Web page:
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When it comes to conscious consumption - whose responsibility is it anyway?

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Conscious consumption on the part of individuals will continue to grow. But take note – citizens are waking up to the knowledge that individual action alone will not get us to a net zero world. This will place increasing demand on brands to step up and ease the way for the transition of our society to a more sustainable future.

Globally, the most environmentally conscious consumers are worth $382 billion to the FMCG sector alone, and became more valuable by c$78 bn in the last year. We can also see growth and innovation coming from plenty of other sectors. For example:

  • The worldwide natural and organic beauty market is forecasting a growth rate of 8.3% 2018-2028.
  • Electric car sales continue to rise, with 6.6% of all new vehicles registered in 2020 being zero-emission, up from 1.6% in 2019 and 0.7% in 2018. This means that 17.5% of all cars registered last year were zero-emissions capable vs. 7.4% in 2019.
  • By 2028 the used-fashion market is set to skyrocket to $64 billion in the U.S., with fast-fashion at ‘just’ $44 billion.

Plus new products and services will create incremental growth on top, just look at lab-grown meat – sounds like science fiction, but it’s expected to be on shelves within the next 18 months (and likely to be cheaper than animal protein by 2035), with 20 companies in Europe alone working on development. Or look at major brands such as John Lewis and Ikea getting into the resale market.

Clearly the most conscious consumers are already changing their behaviour. But are the majority?

Globally, at least 50% (depending on the survey) of people have a great desire to change their lifestyle to be more environmentally friendly, but only 25% have major changes in the past year to be so. Most people want to be more sustainable, but they either find it hard or feel like they must make a sacrifice, creating an uncomfortable gap between values and action.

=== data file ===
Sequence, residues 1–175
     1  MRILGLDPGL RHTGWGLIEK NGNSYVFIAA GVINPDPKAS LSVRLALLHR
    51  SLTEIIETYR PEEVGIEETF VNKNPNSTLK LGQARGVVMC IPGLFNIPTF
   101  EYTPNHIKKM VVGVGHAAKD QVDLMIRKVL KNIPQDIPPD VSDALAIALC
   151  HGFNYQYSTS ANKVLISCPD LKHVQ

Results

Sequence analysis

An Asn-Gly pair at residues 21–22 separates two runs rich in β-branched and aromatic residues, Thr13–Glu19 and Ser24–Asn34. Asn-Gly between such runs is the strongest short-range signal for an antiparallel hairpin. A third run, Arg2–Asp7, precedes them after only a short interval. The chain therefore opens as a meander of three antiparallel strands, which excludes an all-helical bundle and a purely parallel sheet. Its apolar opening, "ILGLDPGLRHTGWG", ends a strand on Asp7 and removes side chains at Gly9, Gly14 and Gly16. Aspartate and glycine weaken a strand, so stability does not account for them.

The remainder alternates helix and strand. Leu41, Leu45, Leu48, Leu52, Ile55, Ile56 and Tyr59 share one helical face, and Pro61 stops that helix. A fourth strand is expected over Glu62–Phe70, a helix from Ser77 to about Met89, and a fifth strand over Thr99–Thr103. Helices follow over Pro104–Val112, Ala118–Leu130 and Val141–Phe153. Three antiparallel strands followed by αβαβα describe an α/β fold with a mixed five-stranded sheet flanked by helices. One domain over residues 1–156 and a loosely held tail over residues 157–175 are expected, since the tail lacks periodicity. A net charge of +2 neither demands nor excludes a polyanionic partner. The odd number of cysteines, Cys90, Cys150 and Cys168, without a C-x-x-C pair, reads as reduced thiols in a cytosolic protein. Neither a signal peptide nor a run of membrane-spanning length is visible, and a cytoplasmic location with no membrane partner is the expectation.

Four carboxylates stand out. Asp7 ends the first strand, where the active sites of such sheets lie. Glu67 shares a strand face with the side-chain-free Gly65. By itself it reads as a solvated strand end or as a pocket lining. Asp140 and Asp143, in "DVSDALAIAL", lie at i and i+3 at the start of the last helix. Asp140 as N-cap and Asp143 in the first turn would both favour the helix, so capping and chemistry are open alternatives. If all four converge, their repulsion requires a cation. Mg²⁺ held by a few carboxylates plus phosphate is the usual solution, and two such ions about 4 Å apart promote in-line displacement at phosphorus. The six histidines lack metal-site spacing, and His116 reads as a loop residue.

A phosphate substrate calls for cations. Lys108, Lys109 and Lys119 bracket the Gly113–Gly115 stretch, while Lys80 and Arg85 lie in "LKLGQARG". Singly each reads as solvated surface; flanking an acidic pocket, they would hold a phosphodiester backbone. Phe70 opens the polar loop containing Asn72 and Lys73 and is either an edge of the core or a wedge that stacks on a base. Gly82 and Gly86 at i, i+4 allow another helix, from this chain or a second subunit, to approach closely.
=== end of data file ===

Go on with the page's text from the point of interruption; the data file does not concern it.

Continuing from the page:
We could provide more motivation, but if the constant stream of news telling us that we’re boiling our planet, that we are causing fires and floods, and that our children will never forgive us isn’t changing people’s behaviour – then it’s clear we need to change tact.

This means brands focussing on how to make it easier for people to live with a lighter footprint. Affordability in particular, is key. The sustainable living trend has been heavily connected to privilege and income in the western world, and yet the number one action that people want companies to take to enable sustainable living is to make more affordable products and services, and we can already see successes in making sustainable living easier and more affordable coming from the investment brands are making in packaging to ensure it is easy to reuse and/or recycle.

Sustainable living offers a clear opportunity for brand growth and risk management.

We know that there is growth coming from sectors and brands who are ahead here, and part of that is down to the impact sustainably has on the bottom line - 77% of corporate product and retail organisations indicate that sustainability leads to increases in customer loyalty, while 63% say it increases revenue.

When it comes to employee engagement and the attached risk management, it is worth noting that 80% of companies expect a rise in employee activism, with 40% having already spoken up to support or criticise employers actions.

This is extremely pertinent for brands from a marketing perspective not just as employers.

Employees of brands are our family, friends and community. Brands cannot and should not separate people out into their modes of being – employee vs shopper vs advocate, but instead recognise that we are all things, and all times.

To truly win with the conscious consumer (which remember, most of us want to be) brands need to consider:

  • Inclusivity: what are the barriers that stop people from making the most sustainable choice with your brand or category?
  • Education: how can you make it easy for people to recognize and therefore make the more sustainable choice?
  • Trust: are you willing to be honest about what you are doing as a brand and where your ‘areas to work on’ are?
  • Inside out: and are you working with your conscious employees to identify areas to fix them and communicate about them?

In short, conscious consumption is only going to grow. There is huge opportunity for brands who are first in their category to make sustainable consumption easy and affordable for all their customers and employees.

This post was originally published in WARC. To access the original article, click here

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